Serving the campus of the University of Alabama since 1894

The Crimson White

Serving the campus of the University of Alabama since 1894

The Crimson White

Serving the campus of the University of Alabama since 1894

The Crimson White

Students say racism still alive

At the University, being black still means being the only one in a sea of white faces, even in 2010. A desegregation panel co-hosted by the National Association for the Advancement of Colored People and Delta Sigma Theta sorority opened a dialogue about myriad misconceptions Wednesday.

Jevrell Long, a sophomore majoring in marketing, said being black automatically puts you at a disadvantage in the classroom.

“It’s awkward at first because you feel like you can’t make any mistakes if you are the only black person,” Long said. “It’s even worse if there are a few other black kids because you automatically get grouped with them. If they show up late or don’t turn in their assignments, teachers assume you will do the same.”

“I laugh at the ignorance of racism,” said Kenneth Warren, a senior majoring in marketing. “I remember sitting in an English class as the only black person, and the only black male in the room. My teacher asked me if black people prefer to be called black or African-American, and I remember he expected my opinion to speak for a whole race of people.”

Warren pointed out that each person is individually unique, and that one person cannot give an accurate statement for an entire group.

“Blackness is only one facet of who we are as people,” said Alyson Watson, a junior majoring in African American studies with a minor in liberal arts. “It should not define us.”

One audience member during the panel discussion said a huge misconception remains that when black people have a party, someone is bound to be shot. He said there are just as many altercations at white functions, and that the hip hop and rap artists on BET do not define the culture as a whole.

Issues discussed in the panel included the continued existence of racism on campus and the roles of black men and women in the community.

Some black students said they did not even feel comfortable attending the Malone-Hood Plaza dedication at Foster Auditorium because they did not believe it was a genuine tribute to change from the University of Alabama.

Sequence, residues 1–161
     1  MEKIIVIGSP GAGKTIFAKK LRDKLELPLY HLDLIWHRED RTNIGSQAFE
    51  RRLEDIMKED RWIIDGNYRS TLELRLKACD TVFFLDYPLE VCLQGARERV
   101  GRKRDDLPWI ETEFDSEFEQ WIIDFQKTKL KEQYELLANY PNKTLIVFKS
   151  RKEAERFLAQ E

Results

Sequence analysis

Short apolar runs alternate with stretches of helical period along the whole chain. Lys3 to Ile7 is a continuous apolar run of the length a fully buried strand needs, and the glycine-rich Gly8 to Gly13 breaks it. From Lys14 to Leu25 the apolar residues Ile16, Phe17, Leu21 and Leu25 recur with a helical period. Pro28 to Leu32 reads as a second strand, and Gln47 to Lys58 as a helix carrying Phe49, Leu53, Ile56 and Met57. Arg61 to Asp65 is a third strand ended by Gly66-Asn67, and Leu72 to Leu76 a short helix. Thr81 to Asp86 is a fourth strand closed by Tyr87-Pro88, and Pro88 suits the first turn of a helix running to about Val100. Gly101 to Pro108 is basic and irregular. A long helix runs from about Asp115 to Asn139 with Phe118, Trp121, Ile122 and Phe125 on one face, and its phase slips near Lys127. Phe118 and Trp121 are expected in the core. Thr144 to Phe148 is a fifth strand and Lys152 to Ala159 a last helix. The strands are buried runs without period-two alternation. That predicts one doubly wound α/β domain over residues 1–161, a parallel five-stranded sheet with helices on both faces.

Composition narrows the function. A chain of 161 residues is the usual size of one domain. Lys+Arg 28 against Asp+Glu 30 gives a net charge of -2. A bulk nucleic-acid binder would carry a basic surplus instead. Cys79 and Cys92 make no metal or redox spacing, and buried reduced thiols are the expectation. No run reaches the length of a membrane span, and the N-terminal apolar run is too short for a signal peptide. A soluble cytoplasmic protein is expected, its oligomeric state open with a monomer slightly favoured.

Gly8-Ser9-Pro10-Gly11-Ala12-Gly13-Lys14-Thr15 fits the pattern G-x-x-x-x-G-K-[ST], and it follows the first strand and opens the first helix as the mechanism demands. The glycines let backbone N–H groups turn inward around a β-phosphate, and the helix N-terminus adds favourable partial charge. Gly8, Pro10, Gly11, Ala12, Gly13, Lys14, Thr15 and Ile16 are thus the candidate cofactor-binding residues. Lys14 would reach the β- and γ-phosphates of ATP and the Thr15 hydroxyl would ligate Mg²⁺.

“We get involved in things when we know the place is invested in us,” said Brittney Cooper, a professor in the department of women’s studies. “If you don’t see changes in the institution on a widespread level, it becomes merely symbolic.”

All black students are still not convinced that racism was a historical incident that affected well-known civil rights activists like Rosa Parks.

“If you’re not the one being told to sit in the back of the bus or not to go to a certain place because of your color, it may not seem to affect you as much,” an audience member said.  “However, racism is still all over the place.”

“I’ve experienced racism firsthand,” Watson said. “ A group of white people hosted a choreography event for Homecoming last year, and when we hosted the same exact event in the same venue, there was 10 times more security.”

She recalls having her purse searched at the Step Show before she could even walk in the door.

“I was told that I better not have a weapon,” Watson recalled.

Some black students also said they feel discriminated against, in that they are treated differently based solely on their athletic abilities.

“It’s like the white guy who can’t stand black people but loves Alabama football,” said Meredith Harris, a junior majoring in psychology. “He decides to like Julio and Mark just because they can throw a football. It’s wrong.”

Watson said some white people only like having black athletes at the University when it benefits them, such as BY winning a National Championship.

Greek organizations remain predominantly white or black on campus, and Hope Marshall, a host of the panel, does not see that changing any time soon.

“I feel like the white sororities expect us to go teach them to step for Homecoming,” Marshall said. “It’s like that’s all they think we can do. And then it’s kind of like, ‘Okay, you can leave now.’”

“People need to be a little more open-minded and evolve with the times,” Harris said. “America is a melting pot, and everything in it should also be a melting pot.”

More to Discover